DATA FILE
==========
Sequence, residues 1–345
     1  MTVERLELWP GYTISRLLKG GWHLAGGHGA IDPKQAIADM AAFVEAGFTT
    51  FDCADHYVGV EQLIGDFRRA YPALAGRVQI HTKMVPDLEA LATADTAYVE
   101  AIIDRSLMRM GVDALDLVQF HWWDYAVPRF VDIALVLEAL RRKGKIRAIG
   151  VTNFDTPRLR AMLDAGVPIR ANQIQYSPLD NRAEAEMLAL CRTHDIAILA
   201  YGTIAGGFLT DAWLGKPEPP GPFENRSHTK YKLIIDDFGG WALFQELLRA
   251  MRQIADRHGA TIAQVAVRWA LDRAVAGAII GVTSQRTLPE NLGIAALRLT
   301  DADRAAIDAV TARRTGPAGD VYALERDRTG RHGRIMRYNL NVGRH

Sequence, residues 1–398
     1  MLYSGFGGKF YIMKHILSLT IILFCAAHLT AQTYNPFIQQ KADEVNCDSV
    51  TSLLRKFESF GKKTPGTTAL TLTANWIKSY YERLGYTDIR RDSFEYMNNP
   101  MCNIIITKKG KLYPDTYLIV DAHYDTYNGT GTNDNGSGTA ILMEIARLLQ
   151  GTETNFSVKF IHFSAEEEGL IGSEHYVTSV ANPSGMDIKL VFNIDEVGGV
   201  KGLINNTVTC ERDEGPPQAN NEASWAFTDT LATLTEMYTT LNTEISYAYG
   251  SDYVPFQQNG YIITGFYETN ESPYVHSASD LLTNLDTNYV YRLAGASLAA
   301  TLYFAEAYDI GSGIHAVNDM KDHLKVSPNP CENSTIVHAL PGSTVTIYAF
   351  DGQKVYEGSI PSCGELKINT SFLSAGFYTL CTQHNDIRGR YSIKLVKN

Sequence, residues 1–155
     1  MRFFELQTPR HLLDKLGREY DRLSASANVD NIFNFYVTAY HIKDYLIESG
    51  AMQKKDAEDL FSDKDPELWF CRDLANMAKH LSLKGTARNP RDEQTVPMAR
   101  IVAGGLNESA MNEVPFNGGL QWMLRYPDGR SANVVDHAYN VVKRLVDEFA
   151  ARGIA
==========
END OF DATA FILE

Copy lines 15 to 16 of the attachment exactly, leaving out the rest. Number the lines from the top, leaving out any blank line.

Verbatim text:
   251  SDYVPFQQNG YIITGFYETN ESPYVHSASD LLTNLDTNYV YRLAGASLAA
   301  TLYFAEAYDI GSGIHAVNDM KDHLKVSPNP CENSTIVHAL PGSTVTIYAF